Remember those mustard yellow Dollarmites bank books friends waved in front of each other in the classroom?
Well, the Victorian government will outlaw those wallets in public schools from next year after it cracked down on “low quality” banking programs that have “little evidence” of improving children’s financial literacy.
The government raised concerns school banking programs “developed [students’] trust” in low-interest savings accounts, despite other products with higher rates of compounding interest on the market.
And it also suggested high-interest credit cards were also “inappropriately promoted” to primary school-aged children.
Instead, the programs – which were pilloried by consumer advocates as “marketing masquerading as financial literacy” – will be replaced by programs taught alongside existing maths and economics curriculums.
The ban will be effective from Term 1, 2021, with teacher resources to be produced in consultation with financial experts.
According to a consultation paper into school banking released by the corporate regulator ASIC last year, nearly two-thirds of Australian primary schools partake in the controversial programs.
That same paper also hinted there was “limited evidence” schemes such as Dollarmites encouraged schoolchildren to develop good “lasting” savings behaviour.
However, ASIC did find “school banking increases the chances of a participating student remaining with the ADI (authorised deposit-taking institute)” – rather than improving students’ financial know-how.
The rate of brand loyalty fostered by school bank programs was recently revealed by The New Daily, with consumer comparison website RateCity finding nearly half of all adults who participated in the programs still remained with their first provider.
Victorian Education Minister James Merlino said the state government was focused on building more teacher-led financial literacy programs into the school curriculum.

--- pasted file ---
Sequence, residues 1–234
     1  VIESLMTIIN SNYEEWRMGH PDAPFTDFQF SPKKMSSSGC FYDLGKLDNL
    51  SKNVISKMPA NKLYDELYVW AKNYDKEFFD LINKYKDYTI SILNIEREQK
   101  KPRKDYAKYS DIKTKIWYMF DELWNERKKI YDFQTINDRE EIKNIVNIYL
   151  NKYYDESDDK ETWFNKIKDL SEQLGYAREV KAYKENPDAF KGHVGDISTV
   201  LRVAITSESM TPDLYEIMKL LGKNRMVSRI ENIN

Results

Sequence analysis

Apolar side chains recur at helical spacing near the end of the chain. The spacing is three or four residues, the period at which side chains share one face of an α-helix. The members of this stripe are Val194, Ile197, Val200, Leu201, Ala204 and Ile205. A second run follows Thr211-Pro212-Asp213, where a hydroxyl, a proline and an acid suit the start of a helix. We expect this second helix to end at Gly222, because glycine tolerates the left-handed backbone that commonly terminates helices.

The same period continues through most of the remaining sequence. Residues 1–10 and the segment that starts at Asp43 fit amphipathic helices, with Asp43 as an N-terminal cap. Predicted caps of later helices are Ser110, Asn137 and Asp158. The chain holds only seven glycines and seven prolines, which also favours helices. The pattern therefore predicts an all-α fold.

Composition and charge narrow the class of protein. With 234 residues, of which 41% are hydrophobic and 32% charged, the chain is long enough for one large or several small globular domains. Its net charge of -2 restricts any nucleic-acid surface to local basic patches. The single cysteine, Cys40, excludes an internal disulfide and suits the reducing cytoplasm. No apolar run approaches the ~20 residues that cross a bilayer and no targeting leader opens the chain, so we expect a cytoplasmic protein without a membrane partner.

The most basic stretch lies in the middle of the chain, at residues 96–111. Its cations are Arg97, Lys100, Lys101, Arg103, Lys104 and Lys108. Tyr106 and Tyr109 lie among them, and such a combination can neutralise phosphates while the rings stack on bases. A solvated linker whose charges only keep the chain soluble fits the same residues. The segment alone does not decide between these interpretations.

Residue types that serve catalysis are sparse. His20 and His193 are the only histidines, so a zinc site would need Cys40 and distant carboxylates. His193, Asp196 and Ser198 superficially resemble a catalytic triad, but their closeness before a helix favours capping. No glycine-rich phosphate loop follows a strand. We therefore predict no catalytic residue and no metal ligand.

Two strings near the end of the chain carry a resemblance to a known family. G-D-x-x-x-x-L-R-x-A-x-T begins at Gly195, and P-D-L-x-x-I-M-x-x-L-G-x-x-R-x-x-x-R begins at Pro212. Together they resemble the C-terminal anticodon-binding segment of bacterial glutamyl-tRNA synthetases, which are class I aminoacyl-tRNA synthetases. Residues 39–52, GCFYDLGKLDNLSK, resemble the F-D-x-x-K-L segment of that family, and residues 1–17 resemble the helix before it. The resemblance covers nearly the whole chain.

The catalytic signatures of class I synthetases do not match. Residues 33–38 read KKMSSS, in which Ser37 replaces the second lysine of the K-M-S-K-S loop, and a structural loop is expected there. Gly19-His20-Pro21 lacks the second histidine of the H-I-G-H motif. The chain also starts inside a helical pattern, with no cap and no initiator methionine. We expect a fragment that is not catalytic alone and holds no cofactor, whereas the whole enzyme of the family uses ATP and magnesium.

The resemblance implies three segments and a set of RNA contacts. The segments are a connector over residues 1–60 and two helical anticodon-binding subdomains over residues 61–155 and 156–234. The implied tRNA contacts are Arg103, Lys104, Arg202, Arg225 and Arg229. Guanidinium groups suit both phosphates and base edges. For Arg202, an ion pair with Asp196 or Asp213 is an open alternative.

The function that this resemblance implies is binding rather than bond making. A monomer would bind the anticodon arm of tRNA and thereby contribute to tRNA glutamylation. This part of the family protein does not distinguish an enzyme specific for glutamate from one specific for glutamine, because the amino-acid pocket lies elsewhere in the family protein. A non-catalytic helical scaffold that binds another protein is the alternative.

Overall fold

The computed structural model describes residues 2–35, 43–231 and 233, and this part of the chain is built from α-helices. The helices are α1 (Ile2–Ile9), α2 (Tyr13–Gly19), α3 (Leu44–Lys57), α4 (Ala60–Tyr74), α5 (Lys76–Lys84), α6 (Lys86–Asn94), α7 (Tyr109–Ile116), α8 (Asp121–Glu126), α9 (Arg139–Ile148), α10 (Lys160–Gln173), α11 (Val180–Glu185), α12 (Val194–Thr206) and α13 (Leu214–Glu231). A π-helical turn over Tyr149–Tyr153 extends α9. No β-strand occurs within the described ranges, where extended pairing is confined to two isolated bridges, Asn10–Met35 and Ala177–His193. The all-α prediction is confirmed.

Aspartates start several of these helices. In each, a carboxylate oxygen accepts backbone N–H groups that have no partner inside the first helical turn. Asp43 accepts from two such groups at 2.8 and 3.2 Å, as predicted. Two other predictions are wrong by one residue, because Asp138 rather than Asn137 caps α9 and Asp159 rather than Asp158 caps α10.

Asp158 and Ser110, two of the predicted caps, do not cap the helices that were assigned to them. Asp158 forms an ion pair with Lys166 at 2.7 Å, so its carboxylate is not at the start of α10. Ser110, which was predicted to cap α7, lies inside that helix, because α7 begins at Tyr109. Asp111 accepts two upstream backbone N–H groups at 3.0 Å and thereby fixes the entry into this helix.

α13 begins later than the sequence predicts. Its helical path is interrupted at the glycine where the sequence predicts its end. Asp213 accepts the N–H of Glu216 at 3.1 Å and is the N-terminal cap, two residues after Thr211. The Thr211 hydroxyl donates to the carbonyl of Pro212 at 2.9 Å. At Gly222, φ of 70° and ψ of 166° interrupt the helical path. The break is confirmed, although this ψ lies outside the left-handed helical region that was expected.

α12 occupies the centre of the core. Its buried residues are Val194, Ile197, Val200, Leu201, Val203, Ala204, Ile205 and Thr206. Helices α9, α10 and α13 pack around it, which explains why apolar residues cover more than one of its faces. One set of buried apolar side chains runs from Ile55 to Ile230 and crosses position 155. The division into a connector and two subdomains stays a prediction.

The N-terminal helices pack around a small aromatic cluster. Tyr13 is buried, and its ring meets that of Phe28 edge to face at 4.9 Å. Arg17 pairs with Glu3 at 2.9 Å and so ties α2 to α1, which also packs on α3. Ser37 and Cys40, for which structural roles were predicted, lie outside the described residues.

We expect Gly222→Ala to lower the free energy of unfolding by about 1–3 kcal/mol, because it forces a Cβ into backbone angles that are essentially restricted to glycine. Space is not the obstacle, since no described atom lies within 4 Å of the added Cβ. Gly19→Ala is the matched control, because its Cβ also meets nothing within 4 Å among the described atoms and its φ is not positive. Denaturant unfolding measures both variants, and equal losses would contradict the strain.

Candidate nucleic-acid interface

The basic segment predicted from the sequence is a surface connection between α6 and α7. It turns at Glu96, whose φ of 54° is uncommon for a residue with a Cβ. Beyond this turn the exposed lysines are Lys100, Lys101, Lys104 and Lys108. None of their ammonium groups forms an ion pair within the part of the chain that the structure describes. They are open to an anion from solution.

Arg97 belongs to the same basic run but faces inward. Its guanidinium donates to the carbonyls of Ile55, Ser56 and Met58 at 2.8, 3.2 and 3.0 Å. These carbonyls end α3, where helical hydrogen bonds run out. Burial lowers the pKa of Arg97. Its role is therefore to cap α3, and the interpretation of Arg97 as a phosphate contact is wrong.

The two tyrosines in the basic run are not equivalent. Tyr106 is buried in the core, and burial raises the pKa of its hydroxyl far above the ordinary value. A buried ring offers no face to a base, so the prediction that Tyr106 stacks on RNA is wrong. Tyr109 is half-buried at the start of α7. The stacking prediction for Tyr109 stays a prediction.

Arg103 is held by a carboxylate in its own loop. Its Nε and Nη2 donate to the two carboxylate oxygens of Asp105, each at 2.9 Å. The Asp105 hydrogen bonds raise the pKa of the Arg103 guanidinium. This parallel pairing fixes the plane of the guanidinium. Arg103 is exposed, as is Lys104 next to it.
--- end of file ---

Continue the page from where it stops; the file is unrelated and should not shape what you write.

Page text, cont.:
“Victorian students deserve high-quality financial literacy, free from commercial interests – that’s why we’re banning financial institutions from delivering school banking programs,” Mr Merlino said.
“It is time to draw a line under this issue.”
A Commonwealth Bank spokesperson said in a statement the move would reduce the bank’s investment in financial literacy programs by $4 million, and would affect more than 500 participating schools.
“This will have an impact on thousands of children, families, school communities and volunteers, right across the state,” he said.
“We will be supporting our impacted teams and school partners across Victoria and determining what this means for them going forward.”
The spokesperson also said CBA had been “engaging constructively with the ASIC review” since its publication, and had adjusted aspects of the program since the findings of ASIC’s preliminary report.
CEO of consumer advocacy group Choice Alan Kirkland welcomed the government’s rejection of “slick marketing programs aimed at primary school-aged children”.
Choice, which handed Commonwealth Bank a Shonky award for paying schools commissions to participate in the Dollarmites program in 2018, found 46 per cent of school-aged children got their first bank account with the big four firm.
“Choice has never been able to find any evidence that programs like the Dollarmites have any impact on long-term savings habits,” Mr Kirkland said.
“The only impact they have is to give the Commonwealth Bank a steady stream of young customers, many of whom stick with the Commonwealth later in life.”
Mr Kirkland also called on other jurisdictions to follow Victoria’s lead and ban school banking in their public schools.